In the mean time, however, let me reiterate what Robyn said: See what you can do to get some research experience at the university that you are at, even if it is in something that is somewhat far removed from what you want to eventually do. Also, start emailing potential advisors. Like Robyn said, most will be completely amenable to talking with, and this can give you an idea of what they are looking for in a student, and can give you a better idea where there research will likely be going over the next few years.
 

Jean

Colossal Squid
Supporter
#6
I'd definitely email round and be prepared to work on something other than cephs or indeed behaviour to start with (get your foot in the door!) my undergrad is behavioural psychology (rats and people)/behavioural zoology (NZ Fur Seal), my post grad diploma is in growth of bivalves, as is my masters THEN I did my PhD on population biology of squid!!!! So I took a really roundabout route to cephs! Can you look overseas? Both Aussie and NZ have good programs.
 

GPO87

Sepia elegans
Staff member
Moderator
#7
I agree with the previous comments. You definitely need to email around to different prof's to see what they are working on. And Jean is right, you may not begin on exactly the animals you want to work on. w
 

CephBirk

O. bimaculoides
Registered
#8
Vitalsigns,

All the above advice is very good. Getting involved in any sort of research will be a wonderful advantage for getting into grad school or internships!

If you're looking for potential advisors, I would recommend looking in the scientific literature for people that are doing research you're interested in. So go ahead and get on Google Scholar and search for whatever you like, cephalopod reproduction behavior for example.

To get you started, here is a list of teuthologists (cephalopod researchers) in North America that come to mind immediately for me at least that may possibly be looking for masters students (though you'd have to check with them, obviously):
Shelley Adamo
Ian Bartol
Roy Caldwell
Chuck Derby
William Gilly
Roger Hanlon (whom you're already aware of)
Sonke Johnsen
Jennifer Mather
Aran Mooney
Ron O'Dor
Kirt Onthank
Brad Seibel
Lloyd Trueblood

I'm sure there are many others that aren't in this brief list (if you're reading this and I missed you, I'd love to get to know you!), but take a look in the literature and see what people are up to.
 

DWhatley

Cthulhu
Staff member
Moderator
#9
It won't hurt to subscribe to this thread either. Members and staff will post openings found on other sites or blogs as well as occasional direct solicitations for projects.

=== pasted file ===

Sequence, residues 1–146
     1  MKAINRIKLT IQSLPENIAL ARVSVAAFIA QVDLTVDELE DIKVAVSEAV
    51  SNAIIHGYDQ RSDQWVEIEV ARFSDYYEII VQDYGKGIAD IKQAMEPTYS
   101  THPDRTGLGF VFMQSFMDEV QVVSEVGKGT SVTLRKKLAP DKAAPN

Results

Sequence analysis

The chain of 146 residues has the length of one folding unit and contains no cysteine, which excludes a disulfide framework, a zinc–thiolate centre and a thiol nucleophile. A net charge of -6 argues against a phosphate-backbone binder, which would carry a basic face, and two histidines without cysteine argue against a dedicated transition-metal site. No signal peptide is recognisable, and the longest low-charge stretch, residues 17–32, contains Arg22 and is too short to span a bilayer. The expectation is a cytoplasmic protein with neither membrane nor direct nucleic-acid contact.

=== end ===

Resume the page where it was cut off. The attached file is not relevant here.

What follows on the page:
Vitalsigns

Larval Mass
Registered
#10
Wow, you guys are awesome. My apologies if I don't reply quickly, finals are about to start. Thanks so much for all the feed back though. I'm still new to the idea of grad school so I've looked at universities but not many professors. There were a few at a school in California that seemed interesting and I've checked out the east coast a little. I also looked into a university in Belize, but I'm not sure how credible it is.
As for the suggestions on research, I'm currently waiting for approval for a project for stress on blue catfish. I've designed everything myself and according to my adviser, will be easy to publish once I get everything done. I'm also waiting to purchase frog eggs to see the effects of herbicides, pesticides, and fungicides on egg development. A graduate friend helped design it since I don't know much about amphibians. I'm really excited about both of these projects.
So far when I email professors I never get a reply. I'm very formal and try to give specific questions about their research or program but never get a response. Are there some tricks to go about proper emails? I know its difficult to reach my professors a decent amount of time so I guess I'm not really surprised.
Country wise, I've looked into doing a semester abroad to Australia, New Zealand, or the Fuji islands. I'm fascinated with both the flora/fauna and the culture as well. Prices became too expensive and started to look unrealistic. I'm also not entirely sure how the graduate programs work in those countries. I would be awesome to study marine ecology in the indo-pacific.
 

robyn

Vampyroteuthis
Supporter
#11
Hi Vitasigns - this is just a quick reply about a couple of things you wrote above about contacting professors. First, make sure you are using your academic email address always - most profs have their spam filter set to super-high because of the number of unsolicited sales emails they get. So if you are emailing from gmail or similar, you may be getting spammed. Most university filters will permit .edu more freely than .com or .net

If they don't reply, my two suggestions would be 1. (the straight-up approach) - send them another email. But don't put 'second request' or 'follow-up' in the subject line unless you really want to - the art is to pester without seeming like you're pestering! Also, keep it short. Don't write a 1/2 page description of you. Make it easy for them to reply with a couple of sentences or a paper attached, or something.